Each evening as the sun sets, Stone Town’s Forodhani Park transforms into an open-air food market. Skip the fish kebabs and head straight to the vendors selling urojo, a thick mango and tamarind soup served alongside chickpea fritters, boiled potatoes, cassava flakes, chutney, and as much hot sauce as you dare. Follow it up with hand-pressed sugar cane juice with ginger and lime.
Between Mizingani Street and the beach. This appeared in the May/June 2011 issue.
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Zanzibar's seafood extravaganza
A feast of enormous octopus tentacles, colossal lobster claws, and gaping fish are laid out on table after table every night in Stone Town's Forodhani Gardens. The names and origins of less recognizable treats, smashed together in generous portions on kebab sticks, will be (very) eagerly explained to you by the vendors at each table.
A kebab of tandoori lobster accompanied by fresh-pressed sugarcane juice is a quintessential treat, but if you feel iffy about sampling the seafood on the tables, there are alternatives: grilled sweet potatoes, savory bananas, and puffy coconut bread complete the Swahili suite of tastes. Negotiate your price and wait for the vendor to heat up your choice on an open fire stove in the middle of the gardens.
Zanzibar Pizza is everywhere in Forodhani Gardens’ night market. I am not sure why it is called a pizza. It doesn’t quit look like one, nor does it much taste like one either. Don’t get me wrong, it is DELICIOUS, …I’m just confused as to how it is associated with pizza.
It starts with a thin crepe like layer, then the masterful “pizza man” adds your choice of toppings (both savory and sweet are available) onto the thin layer. Your choice of meat, finely chopped veggies, half a wedge of Laughing Cow cheese (if he like you, he might give you a whole wedge) are piled high on top of the thin crepe and you wonder how would this ever stay sealed and not bust a seam. The entire “pizza” is sealed off with another thin crepe on top and set on a hot griddle with a bit of butter.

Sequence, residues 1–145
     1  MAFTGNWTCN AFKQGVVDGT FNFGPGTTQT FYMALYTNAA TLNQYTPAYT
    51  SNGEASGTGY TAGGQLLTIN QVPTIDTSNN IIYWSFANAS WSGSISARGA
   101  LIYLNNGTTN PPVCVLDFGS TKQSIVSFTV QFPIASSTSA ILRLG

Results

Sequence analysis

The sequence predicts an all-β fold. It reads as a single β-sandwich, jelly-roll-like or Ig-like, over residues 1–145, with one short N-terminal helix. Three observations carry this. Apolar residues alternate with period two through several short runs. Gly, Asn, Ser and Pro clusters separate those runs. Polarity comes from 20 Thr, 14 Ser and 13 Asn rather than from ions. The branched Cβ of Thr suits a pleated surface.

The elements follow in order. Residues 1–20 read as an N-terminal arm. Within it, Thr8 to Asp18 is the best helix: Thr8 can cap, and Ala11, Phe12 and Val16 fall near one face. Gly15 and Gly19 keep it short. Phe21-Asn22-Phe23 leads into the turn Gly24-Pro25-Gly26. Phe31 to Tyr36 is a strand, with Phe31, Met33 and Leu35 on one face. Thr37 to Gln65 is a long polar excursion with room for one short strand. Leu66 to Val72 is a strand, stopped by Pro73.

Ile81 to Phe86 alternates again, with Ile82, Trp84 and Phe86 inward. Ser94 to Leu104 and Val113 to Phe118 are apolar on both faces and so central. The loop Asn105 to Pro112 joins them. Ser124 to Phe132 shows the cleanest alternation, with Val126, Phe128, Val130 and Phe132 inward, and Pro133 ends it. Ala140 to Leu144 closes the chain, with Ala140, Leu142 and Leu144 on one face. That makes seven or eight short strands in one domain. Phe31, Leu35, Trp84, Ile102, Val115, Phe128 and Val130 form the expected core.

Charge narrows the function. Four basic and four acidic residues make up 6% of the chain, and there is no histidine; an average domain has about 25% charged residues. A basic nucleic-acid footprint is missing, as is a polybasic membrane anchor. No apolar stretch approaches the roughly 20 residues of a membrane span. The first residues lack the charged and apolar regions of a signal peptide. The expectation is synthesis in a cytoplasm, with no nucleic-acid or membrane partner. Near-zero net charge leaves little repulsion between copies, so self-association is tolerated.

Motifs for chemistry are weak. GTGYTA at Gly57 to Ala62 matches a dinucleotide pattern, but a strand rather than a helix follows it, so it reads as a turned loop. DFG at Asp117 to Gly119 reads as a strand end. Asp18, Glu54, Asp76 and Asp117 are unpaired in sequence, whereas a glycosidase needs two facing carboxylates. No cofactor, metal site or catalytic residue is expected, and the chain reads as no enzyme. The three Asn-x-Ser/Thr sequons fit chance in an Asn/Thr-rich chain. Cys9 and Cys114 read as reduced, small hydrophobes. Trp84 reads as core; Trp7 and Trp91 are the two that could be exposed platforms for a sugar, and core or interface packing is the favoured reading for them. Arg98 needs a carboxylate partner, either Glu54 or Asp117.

The end result is a hot melting delight with a tiny bit of crunch on the outside. It is good both as a main course and as desert. I suggest you get one of each!
The nightly food market in Forodhani Gardens in Zanzibar is a lively delight. At dusk, makeshift tables, propane tanks, and grills are brought out and before long, you can smell the aroma of fresh fish, meat, shrimp kebabs...
There are Zanzibar pizzas, limitless choices of grilled seafood, fresh fruit salads, sugar cane juices with ginger and gyro.
Grab a little something to eat, find a spot along the walls of the pier, and do a little people watching. It is a great way to spend a night in Stone Town.
A crowd gathers at dusk and a gaggle of teenage boys dive off the stone walls near Forodhani Garden. In my wanderings about town, I came upon the boys diving in my first day in Zanzibar. Most of them fully clothed, some without a shirt, the boys yell at one another, dive off the stone walls, into the ocean, managing some pretty fantastic back flips in the minutes they are airborne. Walking upon it, the whole thing has an air of spontaneity to it. One boy dared another and before you know it, twenty-some of them are taking turns and showing up one another.
Two days later, there is a gathering again, and boys are diving off the stone walls. They dive off the stone wall in threes and fours. Some miss-time their jump and end up in a belly flop. Some are more interested in speed than fancy flips. They dive, climb out of the ocean, and immediately do it again. This isn’t some kind of tourist trick—I didn’t see anyone busking—I believe this is for no other reason than for the boys to entertain themselves.